2. Kevin Mathers

    FWIW, it’s got the support and lobbying of Harrah’s and

  3. California Jen

    Shrink, I hate to see you dismiss this before it even gets introduced. There might be more support behind this thing than we know. (See Kevin’s comment above.)

    I’m going to make the exact opposite prediction: The bill has a real chance of getting passed in 2009.

  4. Card Chucker

    Thank god. I have been wondering what/how/if I’m suppose to claim my withdraw checks from the 3rd party companies. I don’t mind getting taxed on online winnings if it allows me to speed up the transaction process. Let’s hope that we win this one and then the Texas bill. I am still trying to grasp the idealism that poker is more of a gamble game than the lottery…I think online roulette is as skillfully probable as scratch offs or lotto balls.

  5. DanM

    I’m going to wait until I see the bill and any media strategy behind it before making a call. At best a coinflip pre-flop … possibly dominated.

    We’ll have to see how it’s being pushed to the non-poker masses. Because it’s one thing to get the likes of us and CardPlayer pushing following its progress, but it’s something altogether different (and necessary) getting the non-poker press to make it an issue. And having our own people write op-eds for these publications, albeit important, doesn’t really count.

  6. Losty

    Interesting that this gets done right when Clonie’s lawsuit against FTP et al Gets dismissed with prejudice against most defendants. (Apparantly she can refile against Howard, Tiltware LLC and Mr. Bitar)

    Wonder how the FTP California suit will be played out in this.

    This could be air, or BIG..

  7. DanM

    Don’t forget Howard was just in DC less than a couple weeks ago:

    I’m sure he had at least a meeting or two related to this bill. But considering that FTP is still literally raking it in … they certainly see this as a long term game … and in the long run are not going to support anything that may fuel a whole new poker boom if it were to knock Full Tilt out of the industry in the process.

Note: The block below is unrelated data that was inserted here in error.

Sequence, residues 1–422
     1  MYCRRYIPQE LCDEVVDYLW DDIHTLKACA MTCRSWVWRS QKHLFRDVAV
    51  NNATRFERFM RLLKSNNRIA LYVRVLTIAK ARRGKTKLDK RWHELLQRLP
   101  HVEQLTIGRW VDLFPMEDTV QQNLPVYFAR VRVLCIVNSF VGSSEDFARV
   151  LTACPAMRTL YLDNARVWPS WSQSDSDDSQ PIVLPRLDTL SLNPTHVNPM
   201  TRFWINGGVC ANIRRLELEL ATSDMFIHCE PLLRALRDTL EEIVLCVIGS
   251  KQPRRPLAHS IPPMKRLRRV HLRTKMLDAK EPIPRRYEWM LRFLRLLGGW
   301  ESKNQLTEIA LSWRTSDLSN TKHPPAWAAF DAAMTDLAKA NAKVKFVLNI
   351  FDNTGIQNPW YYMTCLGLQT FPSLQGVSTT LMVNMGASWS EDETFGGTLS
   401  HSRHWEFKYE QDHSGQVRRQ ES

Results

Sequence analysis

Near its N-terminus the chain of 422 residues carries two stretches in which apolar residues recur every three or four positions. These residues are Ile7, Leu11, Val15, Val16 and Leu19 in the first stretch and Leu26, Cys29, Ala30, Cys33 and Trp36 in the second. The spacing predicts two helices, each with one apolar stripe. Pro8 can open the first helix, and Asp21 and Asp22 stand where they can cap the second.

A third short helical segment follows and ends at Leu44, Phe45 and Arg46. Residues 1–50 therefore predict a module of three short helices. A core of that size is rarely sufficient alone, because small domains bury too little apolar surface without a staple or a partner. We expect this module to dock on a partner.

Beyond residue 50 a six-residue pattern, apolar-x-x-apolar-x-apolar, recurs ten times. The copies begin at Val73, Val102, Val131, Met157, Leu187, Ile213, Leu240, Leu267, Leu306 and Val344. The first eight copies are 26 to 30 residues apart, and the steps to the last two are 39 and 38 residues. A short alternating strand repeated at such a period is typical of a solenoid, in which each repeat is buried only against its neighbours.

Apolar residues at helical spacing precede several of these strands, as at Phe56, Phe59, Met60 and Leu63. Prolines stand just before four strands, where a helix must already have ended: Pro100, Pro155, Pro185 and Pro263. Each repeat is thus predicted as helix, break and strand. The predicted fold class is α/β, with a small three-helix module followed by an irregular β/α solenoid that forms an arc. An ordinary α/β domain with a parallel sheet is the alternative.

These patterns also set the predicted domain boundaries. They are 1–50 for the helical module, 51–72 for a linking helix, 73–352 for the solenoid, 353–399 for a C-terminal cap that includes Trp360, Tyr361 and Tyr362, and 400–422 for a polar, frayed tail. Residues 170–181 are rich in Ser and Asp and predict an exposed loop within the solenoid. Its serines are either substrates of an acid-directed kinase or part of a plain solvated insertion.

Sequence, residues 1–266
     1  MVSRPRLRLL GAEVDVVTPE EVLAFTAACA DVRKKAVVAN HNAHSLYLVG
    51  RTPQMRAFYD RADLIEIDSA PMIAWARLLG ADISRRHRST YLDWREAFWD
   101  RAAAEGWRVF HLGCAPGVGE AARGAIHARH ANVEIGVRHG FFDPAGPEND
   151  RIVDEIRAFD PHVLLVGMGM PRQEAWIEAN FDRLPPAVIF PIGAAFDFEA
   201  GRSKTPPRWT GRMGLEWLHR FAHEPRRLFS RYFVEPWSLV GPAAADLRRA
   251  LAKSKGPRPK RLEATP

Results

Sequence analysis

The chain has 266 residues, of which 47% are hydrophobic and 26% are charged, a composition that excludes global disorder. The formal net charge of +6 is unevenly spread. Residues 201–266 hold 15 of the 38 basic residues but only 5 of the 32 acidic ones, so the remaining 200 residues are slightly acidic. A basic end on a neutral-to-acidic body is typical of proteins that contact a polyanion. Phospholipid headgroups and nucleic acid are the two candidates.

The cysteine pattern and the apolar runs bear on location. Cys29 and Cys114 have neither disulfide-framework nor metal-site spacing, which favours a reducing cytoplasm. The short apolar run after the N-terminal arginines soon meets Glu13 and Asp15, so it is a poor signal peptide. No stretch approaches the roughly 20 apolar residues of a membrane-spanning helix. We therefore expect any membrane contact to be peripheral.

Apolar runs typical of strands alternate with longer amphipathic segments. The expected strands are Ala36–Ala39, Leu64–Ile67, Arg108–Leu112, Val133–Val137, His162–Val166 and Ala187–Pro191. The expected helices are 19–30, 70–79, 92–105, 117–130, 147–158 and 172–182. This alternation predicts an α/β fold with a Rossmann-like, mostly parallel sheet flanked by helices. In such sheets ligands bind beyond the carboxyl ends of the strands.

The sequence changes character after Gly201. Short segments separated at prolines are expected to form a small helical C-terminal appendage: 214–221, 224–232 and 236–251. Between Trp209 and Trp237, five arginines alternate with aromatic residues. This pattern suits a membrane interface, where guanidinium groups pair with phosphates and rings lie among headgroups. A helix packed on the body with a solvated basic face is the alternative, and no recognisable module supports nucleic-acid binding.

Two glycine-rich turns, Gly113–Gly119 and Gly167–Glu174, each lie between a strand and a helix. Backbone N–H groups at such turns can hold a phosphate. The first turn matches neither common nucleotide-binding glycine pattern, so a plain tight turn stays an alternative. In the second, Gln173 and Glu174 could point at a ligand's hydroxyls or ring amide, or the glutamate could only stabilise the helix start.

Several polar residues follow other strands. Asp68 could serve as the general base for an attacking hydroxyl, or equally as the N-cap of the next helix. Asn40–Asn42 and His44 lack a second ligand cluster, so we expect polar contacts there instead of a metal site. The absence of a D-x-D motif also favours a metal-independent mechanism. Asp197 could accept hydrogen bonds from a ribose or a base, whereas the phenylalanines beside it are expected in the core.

8. Card Chucker

    Does anyone know if the conference is suppose to be on CSPAN, CSPAN2 or CSPAN3?

  9. California Jen

    The best I can tell from the C-Span website is that C-Span2 covers the Senate, but I think it’s going to take some flipping channels to find out for sure.

  10. Card Chucker

    I got my clicker and DVR ready to go. I even skipped my daily morning tourney to focus my attention on this (also to focus on a chirizo breakfast).

  11. California Jen

    It looks like it’s not going to be covered anywhere on TV. 🙁

  12. Card Chucker

    Maybe if C-SPAN 2 turned down the classical music we’d be able to hear what is going on. After flipping through the channels (and continuing to do so for another hour) the commentators for C-SPAN make CNN commentators sound like WWF announcers.

  13. Kevin Mathers

    I’m sure it’ll be available online shortly, C-SPAN and C-SPAN2 will always cover the House and Senate over any press conference, although I’m sure they’re recording for later airing.

  14. Card Chucker

    Perhaps it will be after the quorum call.

  15. Card Chucker

    Well, the bill got Forbe’s attention:

  16. Card Chucker

    Not sure how liable this source is…but says the press conference is a 4PM ET today.

  17. Kevin Mathers
    says: (this bill is to delay the UIGEA until Dec. 1, 2010).